Nucleoside triphosphate

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Nucleoside triphosphates are monomers of RNA and DNA and are made up of a nucleoside and 3 phosphate groups. A nucleoside is a molecule containing a nitrogenous base and a sugar, either ribose or deoxyribose. The nucleoside triphosphates containing ribose are ATP, CTP, GTP, UTP and m5UTP [1]. These NTPs, excluding m5UTP, act as building blocks for transcription in producing mRNA [2]. NTPs with deoxyribose in place of ribose, also know as the dNTPs, include dATP, dCTP, dGTP, dTTP, dUTP [3]. These molecules, except for dUTP, are required for DNA replication where energy is released from hydrolysing the phosphate groups. This energy is necessary for the reaction to progress [4].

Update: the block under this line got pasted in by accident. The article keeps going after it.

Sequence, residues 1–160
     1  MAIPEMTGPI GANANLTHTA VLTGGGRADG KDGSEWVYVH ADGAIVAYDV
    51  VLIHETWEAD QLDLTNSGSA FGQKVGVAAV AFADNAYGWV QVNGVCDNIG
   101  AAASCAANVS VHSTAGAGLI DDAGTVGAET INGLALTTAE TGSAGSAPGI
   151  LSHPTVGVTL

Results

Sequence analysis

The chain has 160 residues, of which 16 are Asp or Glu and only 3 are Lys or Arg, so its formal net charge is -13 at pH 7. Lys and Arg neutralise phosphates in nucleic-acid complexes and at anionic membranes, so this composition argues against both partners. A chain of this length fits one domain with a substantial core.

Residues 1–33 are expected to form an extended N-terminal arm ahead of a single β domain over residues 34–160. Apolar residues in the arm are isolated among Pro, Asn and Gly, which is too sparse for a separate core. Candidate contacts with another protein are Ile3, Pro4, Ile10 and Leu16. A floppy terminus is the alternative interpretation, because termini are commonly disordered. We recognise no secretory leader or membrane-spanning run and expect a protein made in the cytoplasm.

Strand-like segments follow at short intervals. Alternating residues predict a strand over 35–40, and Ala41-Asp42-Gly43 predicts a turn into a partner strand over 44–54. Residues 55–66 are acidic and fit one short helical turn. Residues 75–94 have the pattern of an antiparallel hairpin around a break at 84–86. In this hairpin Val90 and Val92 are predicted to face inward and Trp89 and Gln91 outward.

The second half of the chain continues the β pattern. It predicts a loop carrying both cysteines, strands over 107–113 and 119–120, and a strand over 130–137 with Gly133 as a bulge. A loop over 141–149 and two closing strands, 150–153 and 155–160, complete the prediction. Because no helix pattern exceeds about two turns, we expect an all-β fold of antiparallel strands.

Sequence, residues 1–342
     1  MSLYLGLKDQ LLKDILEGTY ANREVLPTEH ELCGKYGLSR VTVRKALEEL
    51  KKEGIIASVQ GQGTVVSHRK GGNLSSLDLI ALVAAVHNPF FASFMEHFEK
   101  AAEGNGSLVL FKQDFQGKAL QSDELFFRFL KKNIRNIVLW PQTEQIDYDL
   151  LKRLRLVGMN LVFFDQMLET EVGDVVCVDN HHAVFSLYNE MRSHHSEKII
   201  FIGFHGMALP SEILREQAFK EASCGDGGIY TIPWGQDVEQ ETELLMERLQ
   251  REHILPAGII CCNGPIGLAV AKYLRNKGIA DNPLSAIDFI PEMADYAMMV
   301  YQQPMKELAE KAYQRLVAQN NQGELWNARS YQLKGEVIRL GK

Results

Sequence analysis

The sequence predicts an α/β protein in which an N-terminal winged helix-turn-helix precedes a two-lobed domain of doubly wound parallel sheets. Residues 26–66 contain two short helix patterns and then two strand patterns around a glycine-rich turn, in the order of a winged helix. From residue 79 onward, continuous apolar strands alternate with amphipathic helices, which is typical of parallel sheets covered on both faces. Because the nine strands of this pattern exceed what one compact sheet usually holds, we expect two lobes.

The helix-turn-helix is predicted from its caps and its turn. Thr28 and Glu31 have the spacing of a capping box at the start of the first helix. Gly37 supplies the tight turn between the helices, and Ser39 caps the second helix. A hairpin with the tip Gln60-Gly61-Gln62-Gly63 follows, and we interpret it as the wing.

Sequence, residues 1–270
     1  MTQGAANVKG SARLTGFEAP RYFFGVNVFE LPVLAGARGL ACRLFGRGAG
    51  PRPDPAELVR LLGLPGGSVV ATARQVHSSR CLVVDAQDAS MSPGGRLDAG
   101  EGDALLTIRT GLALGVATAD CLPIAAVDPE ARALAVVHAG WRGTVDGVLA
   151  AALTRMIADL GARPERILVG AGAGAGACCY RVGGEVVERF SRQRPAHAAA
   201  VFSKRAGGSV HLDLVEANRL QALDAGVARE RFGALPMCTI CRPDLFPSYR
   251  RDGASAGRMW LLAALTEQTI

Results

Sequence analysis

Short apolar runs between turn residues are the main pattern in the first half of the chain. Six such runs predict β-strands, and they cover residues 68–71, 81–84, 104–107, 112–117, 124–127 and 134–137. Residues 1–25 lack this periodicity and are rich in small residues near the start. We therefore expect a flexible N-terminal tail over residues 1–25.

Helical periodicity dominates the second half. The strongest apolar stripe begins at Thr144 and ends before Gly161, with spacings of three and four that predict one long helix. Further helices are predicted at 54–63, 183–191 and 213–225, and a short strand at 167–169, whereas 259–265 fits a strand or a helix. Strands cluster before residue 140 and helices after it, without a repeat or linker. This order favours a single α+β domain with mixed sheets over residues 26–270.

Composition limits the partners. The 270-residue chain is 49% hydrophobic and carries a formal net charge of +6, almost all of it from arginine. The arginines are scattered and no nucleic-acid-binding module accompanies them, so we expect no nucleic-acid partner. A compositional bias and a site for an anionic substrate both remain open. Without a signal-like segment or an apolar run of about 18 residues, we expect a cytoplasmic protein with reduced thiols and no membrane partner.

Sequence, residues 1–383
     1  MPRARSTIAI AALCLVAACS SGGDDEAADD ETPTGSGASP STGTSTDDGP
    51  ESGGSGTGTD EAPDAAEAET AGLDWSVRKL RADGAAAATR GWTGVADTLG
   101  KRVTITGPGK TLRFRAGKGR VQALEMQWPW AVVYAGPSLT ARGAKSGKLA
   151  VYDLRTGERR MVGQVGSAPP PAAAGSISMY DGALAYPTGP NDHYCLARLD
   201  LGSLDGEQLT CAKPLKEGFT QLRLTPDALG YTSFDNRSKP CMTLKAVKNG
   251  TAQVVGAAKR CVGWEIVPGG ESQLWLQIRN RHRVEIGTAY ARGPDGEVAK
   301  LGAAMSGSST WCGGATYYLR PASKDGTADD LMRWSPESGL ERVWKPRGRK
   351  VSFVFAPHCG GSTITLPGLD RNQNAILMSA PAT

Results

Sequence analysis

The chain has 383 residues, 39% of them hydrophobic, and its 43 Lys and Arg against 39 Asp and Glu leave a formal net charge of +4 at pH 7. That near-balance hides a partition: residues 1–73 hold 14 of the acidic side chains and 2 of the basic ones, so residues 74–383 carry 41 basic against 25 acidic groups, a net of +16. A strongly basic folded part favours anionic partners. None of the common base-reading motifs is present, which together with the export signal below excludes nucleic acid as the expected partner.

References

  1. Academic Dictionaries and Encyclopedias (2010) Nucleoside Triphosphate [Internet], Available from http://en.academic.ru/dic.nsf/enwiki/425004#sel= [Accessed 21/10/2014].
  2. Alberts, B et al. (2008). Molecular Biology of the Cell. 5th ed. New York: Garland Science. 334.
  3. Academic Dictionaries and Encyclopedias (2010) Nucleoside Triphosphate [Internet], Available from: http://en.academic.ru/dic.nsf/enwiki/425004#sel= [Accessed 21/10/2014)
  4. Alberts, B et al. (2008). Molecular Biology of the Cell. 5th ed. New York: Garland Science. 266-267.
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